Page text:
When asked the question of how to organize such a large area without a specific master plan, Councilor Adri Duivesteijn said: “People are positive here, we don’t need to do anything, we just let them growing with the initiate from people themselves, from the deeper desire inside of themselves, about the creation of community and the responsibility of being resident in Almere Homerus.” [6]

The Almere Homerus mode is a pioneer amongst residential area development strategies. It depicts a free and harmonious society with people living in the house made by their own doing. However, it’s not a completely self-planning paradigm; the architects still made the generic master plan by traditional means. Whether using the metaphor of utopia or not, people are building houses on their plot of land purchased from the government. Sometimes the inhabitants build the houses themselves, sometimes architects are also involved as representatives. Under these conditions, it appears to have the characteristics of an ancient period rather than fully democratic social order­. Although fun for the local residents to enjoy the do-it-yourself applications with their friends and family, these notions have nothing to do with the criticism and proposal of contemporary architecture and urban design. It is a program far from self-planning.

diagram for Almere homerus

diagram for Almere homerus

model of Almere Homerus

model of Almere Homerus

Almere Homerus

Almere Homerus


Almere Oosterwold- MVRDV

There is another urban design project called Almere 2.0 in Almere Oosterwold by MVRDV last year. In comparison to Almere Homerus, the Almere Oosterwoldoption completely inherited Yona Friedman’s idea of self-decision.

In just over a few decades Almere has attracted over 193,000 residents and 14,500 businesses and has become one of the four main cities in the Amsterdam Metropolitan. The Draft Strategic Vision Almere 2.0 was designed to accommodate this growth; for instance, Almere Oosterwold is planed for the reservation of further development up until 2030.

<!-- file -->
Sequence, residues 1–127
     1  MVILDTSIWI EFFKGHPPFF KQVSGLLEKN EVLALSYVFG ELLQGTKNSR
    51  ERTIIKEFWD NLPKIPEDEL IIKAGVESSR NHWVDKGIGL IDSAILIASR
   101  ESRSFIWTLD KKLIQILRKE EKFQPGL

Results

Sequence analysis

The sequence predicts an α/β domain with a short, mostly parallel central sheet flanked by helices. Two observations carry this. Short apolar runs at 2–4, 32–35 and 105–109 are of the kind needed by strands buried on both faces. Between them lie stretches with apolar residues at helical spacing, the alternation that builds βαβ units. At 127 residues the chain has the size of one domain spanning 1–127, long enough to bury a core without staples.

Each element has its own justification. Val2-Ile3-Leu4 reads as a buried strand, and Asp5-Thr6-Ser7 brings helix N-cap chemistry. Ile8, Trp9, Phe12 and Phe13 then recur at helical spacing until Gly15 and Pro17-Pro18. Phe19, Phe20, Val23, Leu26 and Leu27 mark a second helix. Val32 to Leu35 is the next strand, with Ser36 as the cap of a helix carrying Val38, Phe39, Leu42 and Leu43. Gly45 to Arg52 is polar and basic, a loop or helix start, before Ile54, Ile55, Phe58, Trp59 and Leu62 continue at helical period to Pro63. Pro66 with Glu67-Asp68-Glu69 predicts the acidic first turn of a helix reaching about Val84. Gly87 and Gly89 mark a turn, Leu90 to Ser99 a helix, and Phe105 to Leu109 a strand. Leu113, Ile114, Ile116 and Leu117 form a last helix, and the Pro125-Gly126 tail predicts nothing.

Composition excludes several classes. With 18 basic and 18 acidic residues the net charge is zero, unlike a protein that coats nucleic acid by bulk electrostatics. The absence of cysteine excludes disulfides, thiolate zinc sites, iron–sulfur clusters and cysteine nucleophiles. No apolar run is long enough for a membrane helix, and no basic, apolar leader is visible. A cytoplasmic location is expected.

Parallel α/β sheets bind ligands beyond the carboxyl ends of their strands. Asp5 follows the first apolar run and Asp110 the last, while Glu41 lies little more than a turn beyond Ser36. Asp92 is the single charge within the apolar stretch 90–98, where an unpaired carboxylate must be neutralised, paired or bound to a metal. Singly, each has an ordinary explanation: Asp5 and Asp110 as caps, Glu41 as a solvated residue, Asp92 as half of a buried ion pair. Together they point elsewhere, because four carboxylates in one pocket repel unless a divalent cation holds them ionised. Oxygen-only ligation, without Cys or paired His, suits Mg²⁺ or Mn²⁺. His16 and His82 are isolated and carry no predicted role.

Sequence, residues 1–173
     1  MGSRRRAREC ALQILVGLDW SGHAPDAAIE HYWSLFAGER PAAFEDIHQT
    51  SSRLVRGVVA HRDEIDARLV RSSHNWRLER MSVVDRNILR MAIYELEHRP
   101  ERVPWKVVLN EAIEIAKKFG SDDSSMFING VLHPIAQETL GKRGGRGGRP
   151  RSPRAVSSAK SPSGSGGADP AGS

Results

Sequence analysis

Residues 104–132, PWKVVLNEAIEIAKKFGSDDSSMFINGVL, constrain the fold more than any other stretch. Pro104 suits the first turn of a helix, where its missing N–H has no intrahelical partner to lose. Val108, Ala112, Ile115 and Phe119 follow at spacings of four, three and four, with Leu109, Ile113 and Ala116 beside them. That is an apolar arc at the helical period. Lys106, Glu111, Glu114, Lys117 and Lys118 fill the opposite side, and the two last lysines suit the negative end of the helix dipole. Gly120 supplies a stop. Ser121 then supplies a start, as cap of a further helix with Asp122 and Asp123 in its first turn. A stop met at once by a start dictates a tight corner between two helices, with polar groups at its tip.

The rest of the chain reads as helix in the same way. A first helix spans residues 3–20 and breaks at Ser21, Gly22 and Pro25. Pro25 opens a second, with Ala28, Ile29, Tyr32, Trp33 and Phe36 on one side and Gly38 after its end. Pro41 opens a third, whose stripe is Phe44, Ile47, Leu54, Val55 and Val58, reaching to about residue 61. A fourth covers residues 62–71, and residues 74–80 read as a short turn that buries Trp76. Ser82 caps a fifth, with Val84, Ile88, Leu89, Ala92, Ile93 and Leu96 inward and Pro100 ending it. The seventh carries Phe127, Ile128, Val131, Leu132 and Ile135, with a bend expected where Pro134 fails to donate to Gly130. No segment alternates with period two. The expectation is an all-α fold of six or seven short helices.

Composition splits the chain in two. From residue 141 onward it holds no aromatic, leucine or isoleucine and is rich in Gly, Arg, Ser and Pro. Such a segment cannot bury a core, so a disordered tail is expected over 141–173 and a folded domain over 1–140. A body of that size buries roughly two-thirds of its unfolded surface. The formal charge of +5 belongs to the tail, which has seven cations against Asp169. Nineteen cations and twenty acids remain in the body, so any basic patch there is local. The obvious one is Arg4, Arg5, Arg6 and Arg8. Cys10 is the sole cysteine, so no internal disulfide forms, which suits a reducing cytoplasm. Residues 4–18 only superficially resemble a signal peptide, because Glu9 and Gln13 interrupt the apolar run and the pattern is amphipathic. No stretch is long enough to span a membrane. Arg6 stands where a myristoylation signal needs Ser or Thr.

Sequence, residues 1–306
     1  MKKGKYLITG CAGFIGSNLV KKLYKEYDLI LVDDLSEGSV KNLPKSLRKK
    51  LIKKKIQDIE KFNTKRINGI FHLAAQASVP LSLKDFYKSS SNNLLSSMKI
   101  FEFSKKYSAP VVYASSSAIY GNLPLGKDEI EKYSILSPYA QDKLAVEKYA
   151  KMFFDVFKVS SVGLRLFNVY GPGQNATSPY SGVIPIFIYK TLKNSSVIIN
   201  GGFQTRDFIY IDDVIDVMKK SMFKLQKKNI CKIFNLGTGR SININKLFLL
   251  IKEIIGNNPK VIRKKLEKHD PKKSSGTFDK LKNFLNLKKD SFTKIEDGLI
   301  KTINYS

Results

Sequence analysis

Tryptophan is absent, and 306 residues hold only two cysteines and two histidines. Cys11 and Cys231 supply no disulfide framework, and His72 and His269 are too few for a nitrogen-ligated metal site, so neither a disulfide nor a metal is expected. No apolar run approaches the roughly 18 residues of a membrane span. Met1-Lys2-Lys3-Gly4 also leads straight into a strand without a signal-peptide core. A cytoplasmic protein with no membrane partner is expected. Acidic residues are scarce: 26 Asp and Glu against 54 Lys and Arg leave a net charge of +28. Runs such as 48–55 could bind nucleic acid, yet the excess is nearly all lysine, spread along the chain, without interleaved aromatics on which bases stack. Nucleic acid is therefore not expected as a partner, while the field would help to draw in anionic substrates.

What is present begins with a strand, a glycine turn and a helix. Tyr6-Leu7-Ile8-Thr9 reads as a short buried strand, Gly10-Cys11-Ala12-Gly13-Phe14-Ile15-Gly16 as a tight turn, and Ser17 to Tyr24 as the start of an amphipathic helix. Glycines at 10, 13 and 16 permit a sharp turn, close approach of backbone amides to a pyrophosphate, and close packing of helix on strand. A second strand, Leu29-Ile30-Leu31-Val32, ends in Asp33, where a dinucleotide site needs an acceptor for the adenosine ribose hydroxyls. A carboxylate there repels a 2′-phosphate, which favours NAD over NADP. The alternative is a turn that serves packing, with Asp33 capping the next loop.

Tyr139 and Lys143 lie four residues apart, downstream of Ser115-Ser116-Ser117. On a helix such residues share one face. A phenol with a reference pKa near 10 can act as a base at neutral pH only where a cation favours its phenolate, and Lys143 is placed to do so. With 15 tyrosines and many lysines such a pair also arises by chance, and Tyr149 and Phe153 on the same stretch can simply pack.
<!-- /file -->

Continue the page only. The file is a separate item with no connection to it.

‘Cultivate diversity’ is one of the most essential guidelines among the Almere Principles. More variation in housing styles, employment opportunities and composition of the city’s population is crucial in breaking with the current homogeneity. New districts will have their own distinct identities and will complement the existing districts. To reinforce this ‘ diversity’, MVRDV imported the idea of ‘self-decision’, that future inhabitants have the capability to choose the location of site as well as the area and shape under some pre-existing fundamental boundaries, such as roads, rivers, populations and multi-centers of the area’s entirety. The architects make a list of parameters like scale, shape, location, etc. for defining the plot. Future residents can then locate their plots specifically by the requirement of the environment; a square plot at the junction of two roads, a cross plot near the boundary of the site, a polygon plot with a long side adjacent to the river, etc.

The condition is a dynamic corresponding to the results of remaining space; constantly updating and revising itself as the land decreases in size. There are also no pre-planned secondary roads; the sub-road system and pedestrian system emerging only after most of the land has been chosen by future inhabitants. Furthermore, the definition of this site is not only a self-decision place, but also a self-sufficient area. Inhabitants with larger plots of land could produce food by agriculture and the raising livestock, and also produce energy with the usage of windmills.